BAGHDAD, (Reuters) – Armed men killed seven Shi’ite pilgrims in ambushes on Friday, police and hospital sources said, in the latest attacks to highlight underlying sectarian and ethnic tensions in Iraq.
Political tensions in the country have been high since U.S. troops withdrew in December, when Shi’ite Prime Minister Nuri al-Maliki’s government moved against two top Sunni officials – seeking the arrest of Vice President Tareq al-Hashemi and the removal of Deputy Prime Minister Saleh al-Mutlaq.
The crisis sparked protests in Sunni strongholds and raised fears of a return to the sectarian slaughter that engulfed Iraq a few years ago.
On Friday, two cars blocked a bus carrying pilgrims from Baghdad to a key Shi’ite shrine in the northern, mainly Sunni, city of Samarra. Some seven gunmen opened fire, killing five and wounding six of them in the attack at around 5 a.m. (0200 GMT) near Tarmiya, 25 km (15 miles) north of the capital, a local police source said.
The bombing of the golden-domed Askari shrine in Samarra in 2006 was a catalyst in igniting two years of sectarian violence that drove Iraq to the brink of civil war.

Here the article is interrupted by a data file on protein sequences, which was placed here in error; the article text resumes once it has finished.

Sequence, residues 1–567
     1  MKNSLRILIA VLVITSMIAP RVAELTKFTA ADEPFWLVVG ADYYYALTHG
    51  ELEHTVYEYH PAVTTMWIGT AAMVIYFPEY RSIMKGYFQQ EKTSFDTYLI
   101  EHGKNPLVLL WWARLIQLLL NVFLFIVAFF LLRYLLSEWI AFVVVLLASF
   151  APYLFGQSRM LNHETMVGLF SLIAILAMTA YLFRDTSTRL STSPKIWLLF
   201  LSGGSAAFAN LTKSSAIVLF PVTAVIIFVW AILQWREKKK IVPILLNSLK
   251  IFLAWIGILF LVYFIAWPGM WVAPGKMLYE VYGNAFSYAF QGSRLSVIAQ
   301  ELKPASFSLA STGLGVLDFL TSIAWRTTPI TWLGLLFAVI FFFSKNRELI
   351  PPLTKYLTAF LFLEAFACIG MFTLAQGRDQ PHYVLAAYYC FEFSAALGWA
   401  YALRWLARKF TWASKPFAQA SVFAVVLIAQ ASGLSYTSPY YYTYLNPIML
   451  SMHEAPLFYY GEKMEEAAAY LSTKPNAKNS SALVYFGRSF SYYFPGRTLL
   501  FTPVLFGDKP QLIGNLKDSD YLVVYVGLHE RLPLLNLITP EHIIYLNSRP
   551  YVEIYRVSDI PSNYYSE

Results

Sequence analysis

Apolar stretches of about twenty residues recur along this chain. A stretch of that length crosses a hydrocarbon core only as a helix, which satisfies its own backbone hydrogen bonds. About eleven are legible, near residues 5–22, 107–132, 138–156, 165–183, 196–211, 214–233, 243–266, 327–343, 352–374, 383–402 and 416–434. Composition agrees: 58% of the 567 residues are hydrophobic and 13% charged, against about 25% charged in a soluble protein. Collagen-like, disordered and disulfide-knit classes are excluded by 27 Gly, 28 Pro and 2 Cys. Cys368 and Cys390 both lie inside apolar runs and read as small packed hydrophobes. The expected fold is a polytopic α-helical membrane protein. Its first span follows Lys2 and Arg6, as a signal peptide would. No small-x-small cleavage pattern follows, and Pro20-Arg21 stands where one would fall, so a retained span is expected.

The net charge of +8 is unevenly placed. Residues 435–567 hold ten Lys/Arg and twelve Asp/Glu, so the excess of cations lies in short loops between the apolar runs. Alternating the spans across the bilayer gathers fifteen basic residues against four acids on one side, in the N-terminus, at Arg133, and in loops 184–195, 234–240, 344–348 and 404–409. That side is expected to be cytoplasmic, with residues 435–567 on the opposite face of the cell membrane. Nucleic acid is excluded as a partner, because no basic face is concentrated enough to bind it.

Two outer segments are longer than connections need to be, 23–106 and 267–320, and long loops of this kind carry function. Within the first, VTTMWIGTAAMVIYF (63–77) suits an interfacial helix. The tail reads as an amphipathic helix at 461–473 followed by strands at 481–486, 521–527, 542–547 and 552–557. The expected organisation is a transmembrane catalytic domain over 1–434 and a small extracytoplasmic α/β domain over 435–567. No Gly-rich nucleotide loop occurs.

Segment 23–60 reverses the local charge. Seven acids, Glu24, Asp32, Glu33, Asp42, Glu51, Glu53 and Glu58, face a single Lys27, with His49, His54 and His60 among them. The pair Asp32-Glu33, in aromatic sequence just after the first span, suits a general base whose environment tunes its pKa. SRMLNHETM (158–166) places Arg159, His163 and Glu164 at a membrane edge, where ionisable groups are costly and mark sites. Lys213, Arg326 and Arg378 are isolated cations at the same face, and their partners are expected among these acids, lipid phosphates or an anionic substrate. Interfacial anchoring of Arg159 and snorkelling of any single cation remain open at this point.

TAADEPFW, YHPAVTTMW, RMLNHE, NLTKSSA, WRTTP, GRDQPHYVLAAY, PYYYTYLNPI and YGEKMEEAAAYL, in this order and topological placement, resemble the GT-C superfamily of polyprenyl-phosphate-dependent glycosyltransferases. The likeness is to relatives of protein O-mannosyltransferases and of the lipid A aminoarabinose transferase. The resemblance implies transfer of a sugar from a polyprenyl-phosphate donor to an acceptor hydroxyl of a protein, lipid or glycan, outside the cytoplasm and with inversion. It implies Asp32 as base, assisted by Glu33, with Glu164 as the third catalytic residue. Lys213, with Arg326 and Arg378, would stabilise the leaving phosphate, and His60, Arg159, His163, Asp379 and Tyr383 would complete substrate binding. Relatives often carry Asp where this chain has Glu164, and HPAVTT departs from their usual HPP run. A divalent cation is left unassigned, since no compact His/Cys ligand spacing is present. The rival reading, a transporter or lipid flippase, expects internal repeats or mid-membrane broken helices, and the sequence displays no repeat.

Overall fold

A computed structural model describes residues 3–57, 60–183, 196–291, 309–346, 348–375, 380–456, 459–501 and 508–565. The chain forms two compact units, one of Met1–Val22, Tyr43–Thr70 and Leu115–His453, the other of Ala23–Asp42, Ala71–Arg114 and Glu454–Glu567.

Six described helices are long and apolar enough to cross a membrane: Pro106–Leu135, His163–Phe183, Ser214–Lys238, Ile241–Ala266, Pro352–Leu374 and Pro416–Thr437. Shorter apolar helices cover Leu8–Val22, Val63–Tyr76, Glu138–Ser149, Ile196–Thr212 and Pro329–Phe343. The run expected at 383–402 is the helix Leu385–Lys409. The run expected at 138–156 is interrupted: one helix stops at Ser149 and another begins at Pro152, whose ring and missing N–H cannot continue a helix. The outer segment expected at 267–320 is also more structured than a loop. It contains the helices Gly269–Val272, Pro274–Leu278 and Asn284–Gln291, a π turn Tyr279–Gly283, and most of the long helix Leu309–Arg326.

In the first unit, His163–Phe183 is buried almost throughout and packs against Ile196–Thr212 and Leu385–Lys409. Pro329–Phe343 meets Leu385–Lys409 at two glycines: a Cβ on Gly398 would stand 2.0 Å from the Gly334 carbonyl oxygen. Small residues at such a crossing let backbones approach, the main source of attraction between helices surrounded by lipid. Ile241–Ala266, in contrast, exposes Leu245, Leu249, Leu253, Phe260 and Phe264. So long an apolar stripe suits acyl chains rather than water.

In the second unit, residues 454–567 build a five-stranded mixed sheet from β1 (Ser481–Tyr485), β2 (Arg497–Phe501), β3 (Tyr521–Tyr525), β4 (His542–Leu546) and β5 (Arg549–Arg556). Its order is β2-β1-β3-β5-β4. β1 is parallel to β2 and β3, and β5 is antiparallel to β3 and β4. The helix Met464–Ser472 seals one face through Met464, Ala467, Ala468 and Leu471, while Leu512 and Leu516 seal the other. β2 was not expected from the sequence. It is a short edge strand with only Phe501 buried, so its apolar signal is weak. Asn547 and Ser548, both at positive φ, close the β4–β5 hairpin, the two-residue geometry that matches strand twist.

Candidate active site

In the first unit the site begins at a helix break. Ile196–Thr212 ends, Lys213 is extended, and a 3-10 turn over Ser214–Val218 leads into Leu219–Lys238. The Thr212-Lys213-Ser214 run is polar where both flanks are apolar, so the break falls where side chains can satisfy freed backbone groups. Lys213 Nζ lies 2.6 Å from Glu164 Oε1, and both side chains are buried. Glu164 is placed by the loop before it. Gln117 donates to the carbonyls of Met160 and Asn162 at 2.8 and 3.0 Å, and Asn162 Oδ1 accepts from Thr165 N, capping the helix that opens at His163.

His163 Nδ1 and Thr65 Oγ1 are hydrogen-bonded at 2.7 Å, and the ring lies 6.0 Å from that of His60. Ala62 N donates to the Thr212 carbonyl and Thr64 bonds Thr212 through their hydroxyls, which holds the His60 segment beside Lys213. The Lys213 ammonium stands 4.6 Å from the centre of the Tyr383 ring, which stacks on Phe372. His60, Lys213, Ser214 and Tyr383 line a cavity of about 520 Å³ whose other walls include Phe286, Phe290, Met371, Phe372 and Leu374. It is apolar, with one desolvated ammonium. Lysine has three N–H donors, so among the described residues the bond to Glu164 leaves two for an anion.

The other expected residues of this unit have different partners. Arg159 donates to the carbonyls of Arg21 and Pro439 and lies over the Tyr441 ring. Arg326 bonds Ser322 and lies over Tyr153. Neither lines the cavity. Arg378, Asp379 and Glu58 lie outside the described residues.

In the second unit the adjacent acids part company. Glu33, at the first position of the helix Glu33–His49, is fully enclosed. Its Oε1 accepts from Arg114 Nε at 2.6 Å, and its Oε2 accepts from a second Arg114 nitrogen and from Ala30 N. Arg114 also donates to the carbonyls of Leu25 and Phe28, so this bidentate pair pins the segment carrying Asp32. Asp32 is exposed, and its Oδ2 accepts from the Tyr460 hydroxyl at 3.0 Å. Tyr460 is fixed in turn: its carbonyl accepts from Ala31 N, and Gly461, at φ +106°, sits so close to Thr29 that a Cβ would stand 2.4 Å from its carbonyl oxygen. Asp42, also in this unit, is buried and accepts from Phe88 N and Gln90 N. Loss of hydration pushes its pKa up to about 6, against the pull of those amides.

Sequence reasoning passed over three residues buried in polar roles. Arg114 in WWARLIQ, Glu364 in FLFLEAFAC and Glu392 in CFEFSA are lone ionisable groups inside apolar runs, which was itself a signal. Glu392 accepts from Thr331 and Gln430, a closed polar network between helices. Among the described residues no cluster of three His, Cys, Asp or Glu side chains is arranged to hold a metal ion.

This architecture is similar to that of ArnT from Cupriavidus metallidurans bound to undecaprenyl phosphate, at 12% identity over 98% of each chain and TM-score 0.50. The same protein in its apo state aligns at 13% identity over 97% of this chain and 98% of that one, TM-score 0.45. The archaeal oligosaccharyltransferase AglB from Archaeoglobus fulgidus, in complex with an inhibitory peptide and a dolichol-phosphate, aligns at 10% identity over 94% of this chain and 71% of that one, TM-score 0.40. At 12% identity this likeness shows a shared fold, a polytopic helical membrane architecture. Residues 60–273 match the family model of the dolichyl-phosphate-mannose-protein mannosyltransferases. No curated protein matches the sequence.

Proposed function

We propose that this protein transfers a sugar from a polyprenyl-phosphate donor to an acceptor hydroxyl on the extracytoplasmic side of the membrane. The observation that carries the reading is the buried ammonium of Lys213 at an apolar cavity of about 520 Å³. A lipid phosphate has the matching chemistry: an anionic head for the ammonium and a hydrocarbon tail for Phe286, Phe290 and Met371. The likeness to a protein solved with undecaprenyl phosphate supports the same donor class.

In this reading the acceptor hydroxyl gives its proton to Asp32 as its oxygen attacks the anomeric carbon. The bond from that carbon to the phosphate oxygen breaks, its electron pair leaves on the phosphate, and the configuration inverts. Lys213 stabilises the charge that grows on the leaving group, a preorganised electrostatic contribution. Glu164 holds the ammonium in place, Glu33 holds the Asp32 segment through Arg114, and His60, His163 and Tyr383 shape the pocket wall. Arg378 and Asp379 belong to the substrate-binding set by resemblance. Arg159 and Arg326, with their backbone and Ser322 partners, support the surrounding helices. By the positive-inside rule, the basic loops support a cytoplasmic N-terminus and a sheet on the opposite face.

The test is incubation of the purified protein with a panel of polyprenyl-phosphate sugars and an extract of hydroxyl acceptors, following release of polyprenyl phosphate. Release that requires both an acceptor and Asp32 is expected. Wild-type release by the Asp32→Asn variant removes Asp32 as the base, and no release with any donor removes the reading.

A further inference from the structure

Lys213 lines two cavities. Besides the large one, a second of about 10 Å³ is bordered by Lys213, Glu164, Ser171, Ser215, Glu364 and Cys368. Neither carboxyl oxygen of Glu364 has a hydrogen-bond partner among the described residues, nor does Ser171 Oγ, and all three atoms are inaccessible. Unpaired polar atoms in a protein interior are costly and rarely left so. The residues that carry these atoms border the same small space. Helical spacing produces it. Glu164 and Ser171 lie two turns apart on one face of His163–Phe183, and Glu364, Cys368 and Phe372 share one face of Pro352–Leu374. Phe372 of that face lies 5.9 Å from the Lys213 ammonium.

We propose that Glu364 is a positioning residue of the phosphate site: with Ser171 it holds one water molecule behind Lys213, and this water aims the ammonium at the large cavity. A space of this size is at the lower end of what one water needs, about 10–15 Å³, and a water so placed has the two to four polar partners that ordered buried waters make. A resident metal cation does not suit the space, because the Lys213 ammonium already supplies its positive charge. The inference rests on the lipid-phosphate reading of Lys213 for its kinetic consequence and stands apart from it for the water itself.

A second incident occurred at 7.30 a.m. in the southern outskirts of Baghdad when gunmen killed two Shi’ite pilgrims en route to the holy Shi’ite city of Kerbala in Iraq’s south. Six others were wounded, police and hospital sources said.
While overall violence in Iraq has fallen since the peak of sectarian fighting in 2006-07, bombings and killings still occur daily. Most attacks are blamed on Sunni Arab insurgents who have refused to lay down arms after the withdrawal of U.S. forces.
On Wednesday, militants targeting Shi’ite families in Baquba killed five people in bombings that occurred after leaflets were distributed telling Shi’ites to leave the neighbourhood or be killed.
Iraq’s coalition government is a delicate mix of Shi’ites, Sunnis and Kurds and was formed under a fragile power-sharing agreement after an inconclusive election in 2010.